While I don't expect you to be able to meet every customer or client's exact request, I believe there is usually something you can do, and focusing on that is key.
For example, I was once working with a bridal store, and the owner mentioned she had a bride who believed the wrong color dress was ordered when she saw her dress in person for the first time. It was the correct color, but it didn't live up to the bride's expectations. Instead of having the store's employees tell the bride that was the color she ordered, we decided to reframe the conversation to ensure the bride felt heard and to focus on what could be done. Luckily, the store owner was able to speak with the designer and could get the dress in a different color quickly, so the owner told the bride, "I can understand the dress color isn't what you thought it would be. The great news is, we are able to get you the dress in a new color."
To help your team get in the habit of talking in terms of solutions, I urge you to start by preparing responses to your most common customer and client pain points. Planning out your responses can give you the time and clarity you need to brainstorm solutions, which is something that's difficult to achieve when you're in the middle of an already-tense conversation.
3. Effective Communicators Choose Their Words Carefully
This one pretty much goes without saying. Effective communication in business involves being careful with words. They approach every conversation and every phrase as an opportunity to create a connection or disconnection. As Maya Angelou famously said,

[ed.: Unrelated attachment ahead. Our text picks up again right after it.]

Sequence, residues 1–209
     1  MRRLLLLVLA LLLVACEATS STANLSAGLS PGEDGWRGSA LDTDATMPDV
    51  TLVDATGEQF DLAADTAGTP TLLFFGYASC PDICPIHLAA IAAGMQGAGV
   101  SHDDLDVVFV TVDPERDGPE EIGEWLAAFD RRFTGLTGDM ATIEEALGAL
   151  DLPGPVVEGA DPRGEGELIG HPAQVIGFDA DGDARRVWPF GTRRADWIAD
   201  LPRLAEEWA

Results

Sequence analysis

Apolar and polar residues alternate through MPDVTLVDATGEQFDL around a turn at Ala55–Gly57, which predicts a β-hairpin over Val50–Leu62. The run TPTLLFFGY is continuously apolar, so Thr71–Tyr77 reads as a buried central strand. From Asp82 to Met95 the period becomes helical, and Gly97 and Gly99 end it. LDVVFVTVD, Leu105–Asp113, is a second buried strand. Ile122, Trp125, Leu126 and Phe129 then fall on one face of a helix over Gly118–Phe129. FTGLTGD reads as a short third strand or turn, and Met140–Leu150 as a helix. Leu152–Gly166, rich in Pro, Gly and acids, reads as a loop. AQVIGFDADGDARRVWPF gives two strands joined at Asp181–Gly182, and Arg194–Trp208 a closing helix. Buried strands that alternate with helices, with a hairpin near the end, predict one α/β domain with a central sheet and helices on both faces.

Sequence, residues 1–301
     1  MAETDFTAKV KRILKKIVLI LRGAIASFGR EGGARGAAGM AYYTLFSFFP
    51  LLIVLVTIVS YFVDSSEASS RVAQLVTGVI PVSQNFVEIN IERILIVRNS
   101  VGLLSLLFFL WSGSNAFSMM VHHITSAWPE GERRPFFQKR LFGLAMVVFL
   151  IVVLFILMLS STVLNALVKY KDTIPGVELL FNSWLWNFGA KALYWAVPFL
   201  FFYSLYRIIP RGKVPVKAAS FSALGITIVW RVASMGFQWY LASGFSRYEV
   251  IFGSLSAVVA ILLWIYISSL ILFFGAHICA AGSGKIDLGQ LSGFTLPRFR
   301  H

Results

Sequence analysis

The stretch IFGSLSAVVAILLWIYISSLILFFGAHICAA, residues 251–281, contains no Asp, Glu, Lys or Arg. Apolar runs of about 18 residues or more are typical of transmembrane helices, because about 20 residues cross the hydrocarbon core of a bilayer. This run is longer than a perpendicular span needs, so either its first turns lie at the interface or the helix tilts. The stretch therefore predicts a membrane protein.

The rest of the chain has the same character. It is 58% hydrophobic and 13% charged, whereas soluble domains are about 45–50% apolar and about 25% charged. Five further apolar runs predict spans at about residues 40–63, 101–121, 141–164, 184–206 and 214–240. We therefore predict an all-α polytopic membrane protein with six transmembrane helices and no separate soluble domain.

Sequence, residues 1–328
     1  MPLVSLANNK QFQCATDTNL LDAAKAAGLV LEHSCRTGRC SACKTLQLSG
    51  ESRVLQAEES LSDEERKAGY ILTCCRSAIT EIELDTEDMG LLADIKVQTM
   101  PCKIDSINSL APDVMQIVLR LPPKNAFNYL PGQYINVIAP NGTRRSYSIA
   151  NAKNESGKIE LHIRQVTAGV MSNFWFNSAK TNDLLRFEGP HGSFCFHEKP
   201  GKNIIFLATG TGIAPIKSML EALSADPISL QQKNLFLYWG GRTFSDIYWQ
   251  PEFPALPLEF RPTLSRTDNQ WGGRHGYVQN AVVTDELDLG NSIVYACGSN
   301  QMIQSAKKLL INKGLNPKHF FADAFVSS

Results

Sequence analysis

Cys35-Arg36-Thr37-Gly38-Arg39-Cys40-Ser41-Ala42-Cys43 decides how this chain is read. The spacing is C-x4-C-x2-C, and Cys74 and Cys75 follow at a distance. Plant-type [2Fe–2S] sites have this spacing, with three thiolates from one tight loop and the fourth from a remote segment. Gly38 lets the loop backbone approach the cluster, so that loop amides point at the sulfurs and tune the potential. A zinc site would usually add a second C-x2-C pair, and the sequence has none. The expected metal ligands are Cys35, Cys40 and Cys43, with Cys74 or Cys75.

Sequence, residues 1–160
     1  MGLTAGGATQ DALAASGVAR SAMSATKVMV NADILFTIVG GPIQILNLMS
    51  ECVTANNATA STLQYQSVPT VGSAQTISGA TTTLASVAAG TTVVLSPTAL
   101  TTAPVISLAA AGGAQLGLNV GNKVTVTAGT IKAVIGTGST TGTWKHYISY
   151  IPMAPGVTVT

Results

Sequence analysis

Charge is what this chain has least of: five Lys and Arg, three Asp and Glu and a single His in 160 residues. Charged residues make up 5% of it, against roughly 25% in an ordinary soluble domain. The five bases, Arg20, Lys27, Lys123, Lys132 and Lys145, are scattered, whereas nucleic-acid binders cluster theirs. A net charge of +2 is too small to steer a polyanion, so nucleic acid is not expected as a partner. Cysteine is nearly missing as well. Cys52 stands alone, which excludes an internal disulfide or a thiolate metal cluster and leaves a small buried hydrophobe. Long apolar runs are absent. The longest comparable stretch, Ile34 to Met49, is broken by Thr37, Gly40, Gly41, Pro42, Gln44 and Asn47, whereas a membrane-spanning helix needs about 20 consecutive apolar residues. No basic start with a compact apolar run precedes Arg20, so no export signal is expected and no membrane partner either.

"People will never forget how you made them feel."
We must consider the feelings our words create.
I understand this isn't always easy. You've probably been in a conversation that got out of control quickly, even when you thought you were being polite and not doing anything to anger the person with whom you were speaking.
When you're in the middle of a heated conversation, it can be hard to determine what went wrong and how to get the conversation back on track.
What can help is understanding what creates conflict and what creates a connection in the first place.
For example, I've found that using positive language, such as, "I can understand your frustration," and, "What I can do for you is..." allows customers and clients to relax, communicates you have their best interest in mind, and creates connection.
On the other hand, using negative language such as, "No," "Can't," and, "Unfortunately," can cause people to stop listening and disconnect.
Your Master Communication Skills Await
Becoming a master communicator takes time and constant effort, and you can start by applying these habits.
The great news is, I have a made-for-you 3-step communication strategy that will help you develop each of these habits. Check out The Communication Code for Customer Service today!
This post was originally published on Forbes.com. You can find the original version here.